Regarding the cancer cells, the knowledge about lysosomes is still in its infancy. The future tasks include to know the role of lysosomes in a varied cellular environment, and to know if these variations are the same in all cancer cells or change from cell-to-cell or vary at different stages of cancer cells. The approach of direct targeting lysosomes with anticancer drug nanoformulations within the tumor cells will dramatically decrease the drug action at non-specific locations, side-effects, and unwanted higher drug load. The specific pin-point drug targeting tactics are the ultimate goal of future therapeutics in cancer management.

Some novel biomarkers availability for the assessment of drug efficacy is one of the major limitations for clinical trials. The current methods for the visualization of autophagic vesicles accumulation in cancer cells include electron microscopy along with Western blotting and immunohistochemistry. Some recent evidence has encouraged that more potent autophagy inhibitors will be available which can be used synergistically with radiotherapy and conventional chemotherapy. Although in recent years, the knowledge about NPs and their interaction with immune system components have improved, but still many questions require a thorough understanding and deeper investigation. Some more mechanistic studies are needed to investigate the NPs immunomodulatory effects to improve the understanding of physicochemical parameters in relation with the immune system.

The organelle-targeting nanoformulations face tremendous challenges because of wide variations in biological systems. Different nanoformulations like micelles, liposomes, dendrimers, CNTs, etc. tagged/loaded with different lysosomotropic agents and anticancer drugs are being worked out in current research. However, it is of utmost importance to have comprehensive research to comprehend appropriately the safety aspects of these nanoformulations when used in human subjects. Furthermore, it is a very challenging task to prepare perfectly targeted oriented lysosomal drug nanoformulations in cancer cells without any toxicity to nearby normal tissues.

To overcome these challenges, it is very important to know the physico-chemical properties of different nanoformulations like size, shape, charge, drug loading, and its release capacity in addition to specific targeting. So the challenges of cancer management by lysosome targeted drug nanoformulations are quite tough, which are expected to be resolved appropriately by undergoing vigorous research in this area.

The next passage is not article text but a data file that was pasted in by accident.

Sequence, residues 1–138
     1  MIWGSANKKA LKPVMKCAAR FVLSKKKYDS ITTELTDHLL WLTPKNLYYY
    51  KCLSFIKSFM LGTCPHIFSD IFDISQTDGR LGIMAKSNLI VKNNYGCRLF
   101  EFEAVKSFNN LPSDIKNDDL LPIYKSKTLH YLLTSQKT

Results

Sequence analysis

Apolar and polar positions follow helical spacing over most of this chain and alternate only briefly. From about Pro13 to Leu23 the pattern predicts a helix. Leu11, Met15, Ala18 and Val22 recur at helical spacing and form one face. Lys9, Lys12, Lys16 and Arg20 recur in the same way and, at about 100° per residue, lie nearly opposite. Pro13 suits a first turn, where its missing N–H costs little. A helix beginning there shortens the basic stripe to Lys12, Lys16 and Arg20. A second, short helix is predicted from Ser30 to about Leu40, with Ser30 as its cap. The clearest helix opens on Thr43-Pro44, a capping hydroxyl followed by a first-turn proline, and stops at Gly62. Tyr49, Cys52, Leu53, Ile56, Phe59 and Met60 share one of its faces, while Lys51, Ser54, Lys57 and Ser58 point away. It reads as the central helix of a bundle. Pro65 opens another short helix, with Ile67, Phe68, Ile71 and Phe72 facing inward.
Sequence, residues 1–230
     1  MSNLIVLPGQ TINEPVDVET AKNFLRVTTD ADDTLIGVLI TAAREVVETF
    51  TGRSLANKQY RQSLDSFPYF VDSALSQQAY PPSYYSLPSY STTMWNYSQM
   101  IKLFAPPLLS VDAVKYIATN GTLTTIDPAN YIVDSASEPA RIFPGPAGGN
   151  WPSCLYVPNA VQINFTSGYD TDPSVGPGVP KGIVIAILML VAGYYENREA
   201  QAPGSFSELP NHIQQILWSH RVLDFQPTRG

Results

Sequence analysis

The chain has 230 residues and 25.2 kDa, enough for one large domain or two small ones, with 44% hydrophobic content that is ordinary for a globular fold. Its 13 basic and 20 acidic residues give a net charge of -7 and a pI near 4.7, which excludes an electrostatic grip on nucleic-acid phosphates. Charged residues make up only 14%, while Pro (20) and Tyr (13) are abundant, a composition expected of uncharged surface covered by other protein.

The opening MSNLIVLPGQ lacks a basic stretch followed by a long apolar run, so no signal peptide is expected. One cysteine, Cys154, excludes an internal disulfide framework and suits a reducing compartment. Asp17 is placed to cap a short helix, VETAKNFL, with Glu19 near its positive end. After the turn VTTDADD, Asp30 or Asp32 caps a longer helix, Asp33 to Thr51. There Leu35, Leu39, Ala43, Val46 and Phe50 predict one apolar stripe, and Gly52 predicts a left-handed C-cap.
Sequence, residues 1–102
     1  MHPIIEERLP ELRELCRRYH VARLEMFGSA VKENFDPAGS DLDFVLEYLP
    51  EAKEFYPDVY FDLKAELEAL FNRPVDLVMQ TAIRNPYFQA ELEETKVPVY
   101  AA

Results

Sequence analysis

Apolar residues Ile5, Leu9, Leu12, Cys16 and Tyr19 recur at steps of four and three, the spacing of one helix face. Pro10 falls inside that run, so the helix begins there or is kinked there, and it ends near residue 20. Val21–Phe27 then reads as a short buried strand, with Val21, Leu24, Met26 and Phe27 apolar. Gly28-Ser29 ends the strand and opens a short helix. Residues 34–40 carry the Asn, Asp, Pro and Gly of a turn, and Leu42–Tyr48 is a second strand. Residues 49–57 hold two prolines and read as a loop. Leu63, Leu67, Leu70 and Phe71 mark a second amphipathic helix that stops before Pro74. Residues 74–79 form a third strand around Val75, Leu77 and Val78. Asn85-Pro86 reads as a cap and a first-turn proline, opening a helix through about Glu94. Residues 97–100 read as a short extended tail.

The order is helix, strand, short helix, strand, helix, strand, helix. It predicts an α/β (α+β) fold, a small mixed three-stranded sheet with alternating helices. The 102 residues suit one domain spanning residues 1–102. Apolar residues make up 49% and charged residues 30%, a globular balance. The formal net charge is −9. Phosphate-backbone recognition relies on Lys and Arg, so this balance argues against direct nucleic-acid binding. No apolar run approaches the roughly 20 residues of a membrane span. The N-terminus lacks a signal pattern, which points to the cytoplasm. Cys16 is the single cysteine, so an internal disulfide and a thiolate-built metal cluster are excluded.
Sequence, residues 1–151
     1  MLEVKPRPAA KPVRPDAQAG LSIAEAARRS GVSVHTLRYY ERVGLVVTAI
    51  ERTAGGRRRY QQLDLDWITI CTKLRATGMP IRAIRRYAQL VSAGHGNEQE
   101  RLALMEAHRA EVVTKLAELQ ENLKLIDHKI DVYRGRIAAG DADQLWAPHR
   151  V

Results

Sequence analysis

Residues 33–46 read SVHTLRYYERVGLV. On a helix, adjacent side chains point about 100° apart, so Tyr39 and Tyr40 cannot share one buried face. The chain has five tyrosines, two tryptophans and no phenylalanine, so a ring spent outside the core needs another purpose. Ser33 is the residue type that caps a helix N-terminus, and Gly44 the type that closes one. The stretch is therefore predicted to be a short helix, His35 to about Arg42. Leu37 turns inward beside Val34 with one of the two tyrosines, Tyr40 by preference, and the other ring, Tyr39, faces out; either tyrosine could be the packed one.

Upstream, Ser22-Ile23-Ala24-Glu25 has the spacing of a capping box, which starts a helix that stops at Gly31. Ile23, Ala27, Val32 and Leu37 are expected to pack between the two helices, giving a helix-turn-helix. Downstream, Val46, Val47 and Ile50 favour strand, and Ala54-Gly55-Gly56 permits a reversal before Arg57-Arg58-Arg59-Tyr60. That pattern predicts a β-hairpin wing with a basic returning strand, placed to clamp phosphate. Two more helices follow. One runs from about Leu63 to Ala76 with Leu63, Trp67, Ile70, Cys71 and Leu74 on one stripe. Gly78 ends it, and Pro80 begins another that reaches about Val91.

The recent updates about the structure and function of lysosomes as well as their role in different diseases including cancer is quite fascinating. The lysosomes are now well recognized as the central communication hub of the major metabolic activities within the cell. The knowledge about the changes within lysosomes in cancer advancement and treatment is still quite young, but some current innovative advances in this area promise speedy progress in the near future. The recent updates about the lysosome ultrastructure, role in different diseases, its cross-talk with other organelles, and the use of some drug nanoformulations, which directly or indirectly target this organelle within the tumor cells, is currently being mentioned to boost the therapeutic strategies. In different cancer cells, the lysosomes have been targeted with different lysosomotropic drug nanoformulations to perturb its signal transduction cascades, pH, Ca2+ homeostasis, membrane permeabilization, and disruption in autophagy and apoptosis.

One of the distinguished hallmarks of cancer is its ability to escape or dodge the immune response. Some more recent scientific advances elucidate the implementation of innovative approaches for immunotherapies to eradicate or treat diverse cancers. NPs can facilitate the location, pharmacokinetics, and co-delivery of special immunomodulatory drugs eliciting the anticancer responses which cannot be achieved by free drugs. The convergence of biotechnology, nanotechnology, cancer immunotherapy, and drug delivery approaches can now be employed to eradicate the cancer menace in the not-too-distant future. Only a few nanoformulations like peptide facilitated-AuNPs, TPP-PEG-biotin, octadecyl-rhodamine B, cationic liposomes, and mixed charged NPs have been engineered and satisfactorily used to target lysosomes in cancer cells. Despite the initial success of some free drugs or drug-conjugated nanoformulations targeted to lysosomes, systematic pre-clinical and clinical surveys are required for their authentic use in final clinical settings.


AKT, serine-threonine–specific protein kinase; AMP, adenosine monophosphate; AMPK, 5′-adenosine monophosphate-activated protein kinase; CaMKK2, calcium/calmodulin-dependent protein kinase kinase 2; EB, transcription factor EB; EF25-(GSH)2, 3,5-bis(2-hydroxybenzylidine)tetrahydro-4H-pyran-4-1 glutathione conjugate (a water-soluble curcumin analog); ER, endoplasmic reticulum; ESCRT, endosomal sorting complex required for transport; FNIP, folliculin interacting protein; γH2AX, γ-H2a histone family member X; GAL-3,-8,-9, galactins; GSK, glycogen synthase kinase; GTPase, guanosine triphosphatase; JNKs, c-Jun NHκ-terminal kinases; LBP8, lipid-binding protein 8; LC3A/B-II, microtubule-associated protein 1A/1B light chain 3B, modified lipid form; LC3-II, light chain 3 phosphatidylethanolamine conjugate; LKB1, liver kinase B1; miR-101, microRNA 101; mTOR, mechanistic target of rapamycin; mTORC1, mechanistic target of rapamycin complex 1; NF-κB, nuclear factor κ light chain-enhancer of activated B cells; OCRL, oculocerebrorenal syndrome protein; OEA, oleoylethanolamide; p21, cyclin-dependent kinase-interacting protein 1; p53, tumor protein p53; p70S6, ribosomal protein S6 kinase; PI3K, phosphoinositide 3-kinase; PIP5K, phosphatidylinositol 4-phosphate 5-kinases; RAG GTPases, Ragulator GTPase; ROS, ROS proto-oncogene, receptor tyrosine kinase; TFEB, transcription factor EB; TLR9, toll-like receptor 9; TRIM16, tripartite motif-containing protein 16; TSC, tuberous sclerosis complex; ULK1, Unc-51-like kinase 1; Wnt, wingless/integrated.


Researchers would like to thank the Deanship of Scientific Research, Qassim University for funding publication of this project.


The authors declare no conflicts of interest for this work.